Kim then represents the power of reading to allow us to escape into another world entirely different from the one we inhabit, but in doing so to re-learn those essential values that can be found in our own world, however, that is reduced for us at the moment, and where that very reduction can accentuate the small moments of intense joy and understanding, even epiphany. However, we might take another path, and go to works which embody and investigate social isolation and imaginatively represent its nature and effects. One such work is Henry David Thoreau’s Walden. Walden is the record of Thoreau’s deliberate experiment in self-isolation. He is bracing in his attack on the ways of civilization, and a few pages of Walden will put you right if you think you are truly experiencing hardship at the moment; most of us are, after all, getting plenty of food and drink, and delivered to our doorsteps! He, by contrast, makes his own shelter, grows his own food, battles with the elements, in a self-imposed attempt to place himself back as a ‘poor, bare, forked animal’ (King Lear), to find his true self through the hardships of withdrawal and self-sufficiency. Here is Thoreau’s manifesto:

I went to the woods because I wished to live deliberately, to front only the essential facts of life, and see if I could not learn what it had to teach, and not, when I came to die, discover that I had not lived. … I wanted to live deep and suck out all the marrow of life, to live so sturdily and Spartan-like as to put to rout all that was not life, to cut a broad swath and to shave close, to drive life into a corner, and reduce it to its lowest terms.

Thoreau’s high-minded retreat is part of a long tradition of asceticism and self-denial, often associated with religious or spiritual questing, but in his case part of a secular Romantic tradition, in which closeness to nature plays a vital part. In his solitude, nature (or for Thoreau, Nature) becomes a friend. Read his section on Spring, and you will recognize what we have all felt much more keenly this year, the relief and comfort of seeing new growth, of seeing leaves unfurl, blossom come and go, birds starting their nests and, yes, apparently, singing much more loudly than before! Here is a small extract:

The symbol of perpetual youth, the grass blade, like a long green ribbon, streams from the sod … lifting its spear of last year’s hay with the fresh life below. It grows as steadily as the rill oozes out of the ground … So our human life but dies down to its root, and still puts forth its green blade to eternity.

No surprise that this has echoes of Whitman – they are contemporaries – but also this tradition of withdrawing back to nature, finding one’s roots as a human animal, is a highly literary one. If it sounds a little high-flown, remember that Thoreau spent just over two years living on Walden pond, but many more years back in society writing about it. And rumour has it that from time to time during his retreat, he sidled back to his home town Concord nearby, for his dinner! Most importantly, Thoreau’s isolation was self-imposed; ours isn’t. However, this is a book which captures many of the good things we have learnt in isolation, ‘to see the world in a grain of sand’ (Blake), to take time and listen to the sounds of the natural world, even from our balconies or in our small urban gardens, and to learn once again the skills of quiet reflection. Thoreau it was who averred that ‘the mass of men lead lives of quiet desperation’; by that he meant that we spend much of our time on activities that do not bring any lasting satisfaction, and under the apparently happy surface of our lives lurks an ‘unconscious despair’. We do not have to agree with that; but in these unusual times, given the space to reflect on the lives we usually live, most of us will at some point have asked ourselves, as he does, ‘Why should we live with such hurry and waste of life?’ Walden provides an optimistic and uplifting alternative and shows that there can be value in temporary isolation.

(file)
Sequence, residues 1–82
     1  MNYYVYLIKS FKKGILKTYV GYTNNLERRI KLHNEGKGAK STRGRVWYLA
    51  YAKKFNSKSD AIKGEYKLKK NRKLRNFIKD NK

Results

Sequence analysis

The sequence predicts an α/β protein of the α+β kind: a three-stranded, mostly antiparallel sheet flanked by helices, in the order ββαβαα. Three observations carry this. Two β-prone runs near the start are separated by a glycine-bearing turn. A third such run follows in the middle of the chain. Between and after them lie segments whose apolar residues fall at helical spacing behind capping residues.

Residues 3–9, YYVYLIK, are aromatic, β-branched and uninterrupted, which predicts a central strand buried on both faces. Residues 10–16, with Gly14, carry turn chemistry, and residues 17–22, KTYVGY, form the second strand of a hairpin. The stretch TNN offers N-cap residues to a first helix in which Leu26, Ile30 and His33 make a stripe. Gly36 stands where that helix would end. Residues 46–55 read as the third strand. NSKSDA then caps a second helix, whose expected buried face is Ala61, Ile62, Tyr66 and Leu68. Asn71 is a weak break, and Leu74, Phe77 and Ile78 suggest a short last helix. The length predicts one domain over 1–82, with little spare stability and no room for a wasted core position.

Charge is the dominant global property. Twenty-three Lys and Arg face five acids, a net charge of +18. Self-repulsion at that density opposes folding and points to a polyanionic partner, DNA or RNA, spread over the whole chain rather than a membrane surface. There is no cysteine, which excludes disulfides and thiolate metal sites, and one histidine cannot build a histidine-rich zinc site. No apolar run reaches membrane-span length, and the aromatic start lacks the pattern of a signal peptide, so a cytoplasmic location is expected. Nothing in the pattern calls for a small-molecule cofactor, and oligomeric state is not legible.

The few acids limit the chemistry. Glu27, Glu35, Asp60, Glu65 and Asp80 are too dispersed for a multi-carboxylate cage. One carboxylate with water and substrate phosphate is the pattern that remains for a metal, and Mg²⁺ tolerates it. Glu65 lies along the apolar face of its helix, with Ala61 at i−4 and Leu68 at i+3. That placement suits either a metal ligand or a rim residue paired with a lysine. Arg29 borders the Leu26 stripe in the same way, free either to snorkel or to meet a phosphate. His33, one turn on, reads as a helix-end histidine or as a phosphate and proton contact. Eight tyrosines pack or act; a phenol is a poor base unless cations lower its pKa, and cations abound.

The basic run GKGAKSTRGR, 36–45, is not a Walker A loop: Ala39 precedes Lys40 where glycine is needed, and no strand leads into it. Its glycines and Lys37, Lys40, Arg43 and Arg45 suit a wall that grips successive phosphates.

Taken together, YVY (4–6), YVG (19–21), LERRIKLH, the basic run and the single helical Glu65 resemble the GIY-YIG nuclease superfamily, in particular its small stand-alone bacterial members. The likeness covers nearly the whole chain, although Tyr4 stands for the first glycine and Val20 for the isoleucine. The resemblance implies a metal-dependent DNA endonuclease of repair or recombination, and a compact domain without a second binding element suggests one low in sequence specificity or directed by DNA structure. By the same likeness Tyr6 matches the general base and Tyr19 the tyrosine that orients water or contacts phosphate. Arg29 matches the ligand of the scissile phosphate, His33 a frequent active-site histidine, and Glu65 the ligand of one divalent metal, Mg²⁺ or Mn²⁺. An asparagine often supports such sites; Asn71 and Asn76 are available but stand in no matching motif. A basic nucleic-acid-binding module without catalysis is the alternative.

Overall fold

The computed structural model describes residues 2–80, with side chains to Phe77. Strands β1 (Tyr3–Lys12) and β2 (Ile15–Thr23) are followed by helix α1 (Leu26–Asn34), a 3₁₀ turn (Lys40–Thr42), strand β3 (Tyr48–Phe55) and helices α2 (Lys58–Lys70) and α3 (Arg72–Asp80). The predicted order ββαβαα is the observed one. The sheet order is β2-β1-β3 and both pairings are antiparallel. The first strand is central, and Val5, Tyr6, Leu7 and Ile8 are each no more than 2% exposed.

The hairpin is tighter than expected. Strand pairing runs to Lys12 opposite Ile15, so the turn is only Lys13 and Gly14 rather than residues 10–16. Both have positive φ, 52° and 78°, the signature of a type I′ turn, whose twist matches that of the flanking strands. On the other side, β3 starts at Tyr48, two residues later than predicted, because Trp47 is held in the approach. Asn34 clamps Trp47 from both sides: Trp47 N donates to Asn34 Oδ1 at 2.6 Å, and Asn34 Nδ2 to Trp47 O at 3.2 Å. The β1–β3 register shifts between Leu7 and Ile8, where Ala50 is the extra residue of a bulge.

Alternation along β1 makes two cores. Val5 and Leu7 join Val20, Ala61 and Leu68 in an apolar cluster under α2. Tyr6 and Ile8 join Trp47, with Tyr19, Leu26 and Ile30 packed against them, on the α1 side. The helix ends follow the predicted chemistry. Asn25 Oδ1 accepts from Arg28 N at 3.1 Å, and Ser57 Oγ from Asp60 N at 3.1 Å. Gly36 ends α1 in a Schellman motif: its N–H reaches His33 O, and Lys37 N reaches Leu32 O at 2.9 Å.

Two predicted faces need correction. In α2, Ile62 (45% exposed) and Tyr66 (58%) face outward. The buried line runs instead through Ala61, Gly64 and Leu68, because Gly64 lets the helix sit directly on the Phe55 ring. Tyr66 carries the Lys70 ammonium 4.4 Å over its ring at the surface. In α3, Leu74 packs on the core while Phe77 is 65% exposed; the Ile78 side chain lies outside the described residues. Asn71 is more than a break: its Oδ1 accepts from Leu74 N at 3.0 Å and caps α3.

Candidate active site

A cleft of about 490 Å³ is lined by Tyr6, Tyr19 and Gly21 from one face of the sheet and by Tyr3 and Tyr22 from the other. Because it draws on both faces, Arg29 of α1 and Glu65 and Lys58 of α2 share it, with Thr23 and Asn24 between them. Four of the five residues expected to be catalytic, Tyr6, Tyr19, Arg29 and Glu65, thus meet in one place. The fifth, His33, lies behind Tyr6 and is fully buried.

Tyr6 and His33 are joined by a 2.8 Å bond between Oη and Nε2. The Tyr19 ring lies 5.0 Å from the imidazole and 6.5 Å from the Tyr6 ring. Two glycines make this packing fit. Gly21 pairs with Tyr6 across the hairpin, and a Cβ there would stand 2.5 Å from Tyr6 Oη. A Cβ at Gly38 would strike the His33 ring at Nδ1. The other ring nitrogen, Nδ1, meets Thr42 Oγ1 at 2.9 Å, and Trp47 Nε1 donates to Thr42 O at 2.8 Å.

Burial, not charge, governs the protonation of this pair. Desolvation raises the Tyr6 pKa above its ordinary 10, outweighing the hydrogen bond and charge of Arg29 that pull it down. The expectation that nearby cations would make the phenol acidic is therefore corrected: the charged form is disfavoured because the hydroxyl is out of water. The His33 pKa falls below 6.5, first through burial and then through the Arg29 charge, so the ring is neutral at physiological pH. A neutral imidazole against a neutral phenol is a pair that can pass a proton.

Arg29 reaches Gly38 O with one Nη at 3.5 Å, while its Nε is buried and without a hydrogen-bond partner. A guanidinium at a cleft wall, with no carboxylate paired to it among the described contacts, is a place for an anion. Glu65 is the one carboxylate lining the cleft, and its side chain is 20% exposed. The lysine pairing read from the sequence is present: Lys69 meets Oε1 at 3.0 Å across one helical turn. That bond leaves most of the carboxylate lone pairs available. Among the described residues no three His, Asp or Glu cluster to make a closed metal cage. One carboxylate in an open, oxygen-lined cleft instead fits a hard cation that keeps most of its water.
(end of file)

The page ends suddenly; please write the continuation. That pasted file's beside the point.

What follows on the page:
I’ve so far emphasized the consoling and expansive qualities of literature and tried to skew my discussion somewhat awkwardly towards what benefits we can find in our current situation. But perhaps the most powerful works of literature are those that confront us with a brilliant evocation of a truth we would rather turn away from. Paradoxically, reading such an evocation, painful as it may be, itself carries a second-order satisfaction. Even as we flinch, we may admire. The best evocation of isolation, and the loneliness and despair it can bring, is in Charlotte Brontë’s Villette. Her extended exploration (Chapter 15) of Lucy Snowe’s dark night of the soul, when she is left alone in the deserted school for the long vacation, begins thus (Lucy is the narrator):

My heart almost died within me; miserable longings strained its chords. How long were the September days! How silent, how lifeless! How vast and void seemed the desolate premises! How gloomy the forsaken garden … Looking forward at the commencement of those eight weeks, I hardly knew how I was to live to the end … Even to look forward was not to hope: the dumb future spoke no comfort, offered no promise … Alas! When I had full leisure to look on life as life must be looked on by such as me, I found it but a hopeless desert: tawny sands, with no green field, no palm tree, no well in view.

Well, these thoughts we may have had only in the briefest moments of lockdown, but we would not be normal human beings if we did not glimpse them. You may think, as I do about reading Camus and Kafka, enough to have those thoughts – I don’t want to see them represented. But the beauty of Brontë’s novel is that it takes us into this wilderness, but then it takes us out of it, as it takes Lucy, into a fairer and better future. It is a hard read, especially at this time, but it is an empowering and sustaining – even a hopeful – one.

So whether we skim along with Anne in her exuberant imagination, or stride alongside Kim and his lama, seeking if not finding the place of enlightenment; stand in Thoreau’s shadow gazing deep into Walden pond, or plumb Lucy’s despair, then burst out of it like a swimmer who has been too long underwater and gasps lungfuls of fresh air – we will find a place like no other, between the pages of a book.

Wordsworth Editions publish all the works mentioned above, with the exception of Thoreau’s Walden, Camus’ The Plague and Defoe’s A Journal of the Plague Year.

Image: Green Gables House, Cavendish, Canada Contributor: David A Eastley / Alamy Stock Photo